Obtaining or Defending Against a Default Judgment

If you have been served with a complaint, do not ignore it! A default judgment may be entered against you for failure to respond.

            In Massachusetts, failure to respond to a legal complaint can lead to the entry of a default against the defendant. Once the default is entered, the plaintiff can obtain a default judgment for damages and enforce it against the defendant. If the plaintiff is seeking a “sum certain,” or “a sum which can by computation be made certain,” the default judgment does not even have to go before a judge, but can be entered by a clerk. See Massachusetts Rules of Civil Procedure 55(b)(1)-(2).

However, “a default does not concede the amount of damages.” Johnny’s Oil Co., Inc. v. Eldayha, No. 11-P-1682, Nov. 8, 2012. In Johnny’s Oil, the Massachusetts Court of Appeals clarified what is required to prove a “sum certain,” reversing a clerk’s default judgment against a gas station owner for unpaid deliveries of gasoline and the purchase of a truck. The Court held that the plaintiff failed to establish a “sum certain” for damages.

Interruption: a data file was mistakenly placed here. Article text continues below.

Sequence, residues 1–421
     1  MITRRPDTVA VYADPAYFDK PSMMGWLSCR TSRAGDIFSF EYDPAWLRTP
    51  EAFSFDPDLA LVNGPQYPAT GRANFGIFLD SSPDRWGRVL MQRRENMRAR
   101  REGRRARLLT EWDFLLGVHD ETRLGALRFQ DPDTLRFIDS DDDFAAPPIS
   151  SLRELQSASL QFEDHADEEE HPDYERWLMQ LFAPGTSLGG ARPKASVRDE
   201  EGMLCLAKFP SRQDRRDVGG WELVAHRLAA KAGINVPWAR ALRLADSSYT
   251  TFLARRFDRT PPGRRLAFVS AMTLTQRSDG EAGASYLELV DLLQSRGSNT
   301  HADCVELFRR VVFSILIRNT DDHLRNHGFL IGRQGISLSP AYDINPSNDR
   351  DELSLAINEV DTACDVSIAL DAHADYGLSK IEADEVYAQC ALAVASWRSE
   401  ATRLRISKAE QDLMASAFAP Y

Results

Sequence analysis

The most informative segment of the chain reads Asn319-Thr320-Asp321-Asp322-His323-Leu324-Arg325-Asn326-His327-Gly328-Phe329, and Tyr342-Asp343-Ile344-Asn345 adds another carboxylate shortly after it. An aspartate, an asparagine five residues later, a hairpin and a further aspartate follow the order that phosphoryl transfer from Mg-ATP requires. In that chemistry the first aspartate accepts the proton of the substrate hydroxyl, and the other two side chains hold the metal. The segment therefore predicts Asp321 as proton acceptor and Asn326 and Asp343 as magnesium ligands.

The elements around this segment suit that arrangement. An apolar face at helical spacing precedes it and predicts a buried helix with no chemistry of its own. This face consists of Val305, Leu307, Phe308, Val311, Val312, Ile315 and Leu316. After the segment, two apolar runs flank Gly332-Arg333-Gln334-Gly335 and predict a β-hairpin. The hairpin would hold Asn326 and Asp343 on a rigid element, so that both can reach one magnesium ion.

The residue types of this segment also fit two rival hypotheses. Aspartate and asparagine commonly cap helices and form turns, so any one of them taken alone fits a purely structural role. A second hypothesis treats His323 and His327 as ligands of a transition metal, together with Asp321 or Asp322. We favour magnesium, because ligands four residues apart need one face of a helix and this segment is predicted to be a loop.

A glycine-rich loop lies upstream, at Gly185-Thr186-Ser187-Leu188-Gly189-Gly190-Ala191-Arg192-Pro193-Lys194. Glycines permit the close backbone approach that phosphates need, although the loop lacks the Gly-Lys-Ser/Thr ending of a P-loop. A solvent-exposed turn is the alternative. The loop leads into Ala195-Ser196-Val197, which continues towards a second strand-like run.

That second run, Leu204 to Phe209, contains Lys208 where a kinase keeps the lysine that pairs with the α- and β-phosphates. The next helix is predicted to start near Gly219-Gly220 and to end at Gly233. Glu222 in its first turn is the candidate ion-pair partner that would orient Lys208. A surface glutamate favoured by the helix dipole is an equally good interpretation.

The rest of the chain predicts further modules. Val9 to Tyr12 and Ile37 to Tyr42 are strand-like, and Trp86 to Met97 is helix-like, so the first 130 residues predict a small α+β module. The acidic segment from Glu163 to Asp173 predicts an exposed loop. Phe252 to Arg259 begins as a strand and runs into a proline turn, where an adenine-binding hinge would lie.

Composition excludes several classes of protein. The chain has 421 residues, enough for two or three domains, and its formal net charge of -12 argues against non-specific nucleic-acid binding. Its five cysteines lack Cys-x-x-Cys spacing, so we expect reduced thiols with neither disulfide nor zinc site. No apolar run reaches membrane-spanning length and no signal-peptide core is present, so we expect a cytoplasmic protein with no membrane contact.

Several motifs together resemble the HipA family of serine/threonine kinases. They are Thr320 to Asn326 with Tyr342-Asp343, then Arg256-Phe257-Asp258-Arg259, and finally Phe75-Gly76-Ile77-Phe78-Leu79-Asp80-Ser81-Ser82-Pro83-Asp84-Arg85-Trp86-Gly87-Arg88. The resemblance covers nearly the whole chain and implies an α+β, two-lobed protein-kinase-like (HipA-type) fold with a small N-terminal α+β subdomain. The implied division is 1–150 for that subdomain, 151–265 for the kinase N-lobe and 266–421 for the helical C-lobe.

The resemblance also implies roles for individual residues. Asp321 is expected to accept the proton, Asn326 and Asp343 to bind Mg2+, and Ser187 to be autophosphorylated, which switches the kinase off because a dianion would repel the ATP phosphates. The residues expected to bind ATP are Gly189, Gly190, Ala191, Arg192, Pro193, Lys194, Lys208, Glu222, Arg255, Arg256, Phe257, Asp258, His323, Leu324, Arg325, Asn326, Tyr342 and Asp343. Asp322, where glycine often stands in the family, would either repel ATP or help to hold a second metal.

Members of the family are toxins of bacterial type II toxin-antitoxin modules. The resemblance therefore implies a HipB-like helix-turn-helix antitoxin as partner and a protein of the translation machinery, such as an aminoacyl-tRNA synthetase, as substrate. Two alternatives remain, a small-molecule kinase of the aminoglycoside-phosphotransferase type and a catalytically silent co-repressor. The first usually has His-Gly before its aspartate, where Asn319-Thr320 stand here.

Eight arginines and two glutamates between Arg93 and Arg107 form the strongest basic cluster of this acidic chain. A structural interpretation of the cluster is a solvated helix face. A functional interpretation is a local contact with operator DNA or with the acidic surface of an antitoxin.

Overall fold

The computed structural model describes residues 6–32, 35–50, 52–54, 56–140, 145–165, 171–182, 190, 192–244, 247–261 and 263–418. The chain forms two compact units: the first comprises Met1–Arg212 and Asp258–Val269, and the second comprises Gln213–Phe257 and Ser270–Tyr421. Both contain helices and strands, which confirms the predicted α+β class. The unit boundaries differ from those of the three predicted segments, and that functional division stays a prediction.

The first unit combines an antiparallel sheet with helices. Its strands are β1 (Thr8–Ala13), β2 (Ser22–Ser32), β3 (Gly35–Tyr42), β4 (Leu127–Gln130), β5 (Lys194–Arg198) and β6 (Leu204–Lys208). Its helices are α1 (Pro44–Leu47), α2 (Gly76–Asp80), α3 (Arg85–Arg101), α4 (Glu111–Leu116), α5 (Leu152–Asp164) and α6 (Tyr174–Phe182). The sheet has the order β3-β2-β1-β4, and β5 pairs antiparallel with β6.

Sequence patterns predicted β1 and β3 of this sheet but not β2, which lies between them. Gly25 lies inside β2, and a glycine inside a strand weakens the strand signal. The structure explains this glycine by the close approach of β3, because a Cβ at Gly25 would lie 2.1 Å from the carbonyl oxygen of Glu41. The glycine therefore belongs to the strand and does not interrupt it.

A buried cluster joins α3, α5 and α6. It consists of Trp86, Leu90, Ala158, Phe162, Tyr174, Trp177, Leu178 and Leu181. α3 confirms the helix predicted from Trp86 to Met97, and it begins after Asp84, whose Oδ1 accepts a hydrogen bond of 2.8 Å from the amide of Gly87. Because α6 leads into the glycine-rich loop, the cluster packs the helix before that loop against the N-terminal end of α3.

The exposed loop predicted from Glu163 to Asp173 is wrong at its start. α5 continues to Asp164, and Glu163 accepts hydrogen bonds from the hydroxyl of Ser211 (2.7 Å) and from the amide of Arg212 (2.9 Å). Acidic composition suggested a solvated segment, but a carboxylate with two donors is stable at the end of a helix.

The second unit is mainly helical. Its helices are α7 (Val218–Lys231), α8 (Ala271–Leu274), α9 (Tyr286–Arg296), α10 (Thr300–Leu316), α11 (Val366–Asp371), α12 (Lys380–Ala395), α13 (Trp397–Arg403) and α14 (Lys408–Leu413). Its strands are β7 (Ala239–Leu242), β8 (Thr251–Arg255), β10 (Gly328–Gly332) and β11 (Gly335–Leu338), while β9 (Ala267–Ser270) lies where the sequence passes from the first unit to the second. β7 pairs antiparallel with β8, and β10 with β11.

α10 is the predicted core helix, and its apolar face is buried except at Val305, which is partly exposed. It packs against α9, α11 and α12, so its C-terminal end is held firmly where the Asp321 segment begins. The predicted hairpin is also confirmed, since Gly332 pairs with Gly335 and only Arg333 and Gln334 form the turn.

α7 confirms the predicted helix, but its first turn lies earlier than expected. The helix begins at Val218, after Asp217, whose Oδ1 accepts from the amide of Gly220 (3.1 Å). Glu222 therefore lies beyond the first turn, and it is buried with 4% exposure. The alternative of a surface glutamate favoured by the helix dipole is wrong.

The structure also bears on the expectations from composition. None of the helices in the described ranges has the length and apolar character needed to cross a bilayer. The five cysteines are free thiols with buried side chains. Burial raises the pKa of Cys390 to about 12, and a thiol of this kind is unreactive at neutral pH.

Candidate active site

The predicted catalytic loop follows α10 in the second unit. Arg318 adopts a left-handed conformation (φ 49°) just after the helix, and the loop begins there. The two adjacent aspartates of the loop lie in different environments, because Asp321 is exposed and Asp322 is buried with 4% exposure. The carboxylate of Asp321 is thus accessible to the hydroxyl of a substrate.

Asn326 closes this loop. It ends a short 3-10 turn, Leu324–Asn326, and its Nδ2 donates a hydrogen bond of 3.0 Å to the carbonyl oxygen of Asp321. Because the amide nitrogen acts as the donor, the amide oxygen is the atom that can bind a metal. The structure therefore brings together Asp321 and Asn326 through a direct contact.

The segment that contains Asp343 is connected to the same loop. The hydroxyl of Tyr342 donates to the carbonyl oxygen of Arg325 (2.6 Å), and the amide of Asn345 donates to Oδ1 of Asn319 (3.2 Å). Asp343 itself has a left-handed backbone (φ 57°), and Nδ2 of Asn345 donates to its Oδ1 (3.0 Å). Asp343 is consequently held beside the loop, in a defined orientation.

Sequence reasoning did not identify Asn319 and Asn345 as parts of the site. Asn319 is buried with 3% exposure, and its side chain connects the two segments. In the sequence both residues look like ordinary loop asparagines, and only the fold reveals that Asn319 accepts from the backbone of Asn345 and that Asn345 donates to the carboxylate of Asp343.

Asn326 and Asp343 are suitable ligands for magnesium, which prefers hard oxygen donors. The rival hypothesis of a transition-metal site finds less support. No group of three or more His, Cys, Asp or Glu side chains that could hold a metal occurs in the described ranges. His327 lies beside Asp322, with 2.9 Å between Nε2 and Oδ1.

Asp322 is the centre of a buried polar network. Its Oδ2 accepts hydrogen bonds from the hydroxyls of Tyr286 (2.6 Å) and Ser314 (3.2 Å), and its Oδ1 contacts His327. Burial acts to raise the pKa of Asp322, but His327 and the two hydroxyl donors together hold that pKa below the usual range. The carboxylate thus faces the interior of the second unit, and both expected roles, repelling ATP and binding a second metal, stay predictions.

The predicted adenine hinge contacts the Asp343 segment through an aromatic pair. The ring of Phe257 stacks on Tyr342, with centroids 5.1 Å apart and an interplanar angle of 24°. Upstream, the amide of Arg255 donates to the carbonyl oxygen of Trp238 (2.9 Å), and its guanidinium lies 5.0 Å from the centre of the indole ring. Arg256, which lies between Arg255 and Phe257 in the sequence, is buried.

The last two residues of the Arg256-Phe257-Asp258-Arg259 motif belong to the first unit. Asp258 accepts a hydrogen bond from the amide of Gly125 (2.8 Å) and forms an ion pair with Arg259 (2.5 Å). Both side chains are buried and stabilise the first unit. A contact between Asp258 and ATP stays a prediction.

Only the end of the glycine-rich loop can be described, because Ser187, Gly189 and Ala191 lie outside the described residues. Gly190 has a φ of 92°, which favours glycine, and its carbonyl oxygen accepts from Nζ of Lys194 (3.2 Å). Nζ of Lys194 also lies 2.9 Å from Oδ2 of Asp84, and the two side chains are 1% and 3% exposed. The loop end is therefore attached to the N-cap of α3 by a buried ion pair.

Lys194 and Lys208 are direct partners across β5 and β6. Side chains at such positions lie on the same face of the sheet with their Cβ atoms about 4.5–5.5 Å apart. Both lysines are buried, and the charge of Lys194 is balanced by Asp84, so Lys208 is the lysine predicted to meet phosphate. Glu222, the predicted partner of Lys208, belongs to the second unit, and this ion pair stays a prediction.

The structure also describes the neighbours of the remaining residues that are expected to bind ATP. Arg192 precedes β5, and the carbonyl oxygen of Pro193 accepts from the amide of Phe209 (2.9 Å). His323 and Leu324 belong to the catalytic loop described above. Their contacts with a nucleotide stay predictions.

The Court gave guidance to others, saying that those seeking a default judgment from a clerk to recover on a contractual agreement should include (a) a description and documentation of the contract; (b) an itemization of the goods and services delivered, supported by bills, invoices, and records of performance; and (c) verification of all allegations. See Johnny’s Oil. Where the damages claim involves equitable principles, as with detrimental reliance, the default judgment cannot be issued by a clerk, and must come from a judge under the Massachusetts Rules of Civil Procedure 55(b)(2). Id.

Do not put off responding to a complaint. If you have questions about default judgments or how to respond to a complaint, call or contact Hutchins Law, P.C today.

The purpose of this article is to inform our clients of developments in the law and to provide information of general interest. It is not intended to constitute legal advice or to assume a client relationship. The content of this article could be considered advertising under the rules of the Massachusetts Supreme Judicial Court. Copyright © 2012 Hutchins Law, P.C. All Rights Reserved.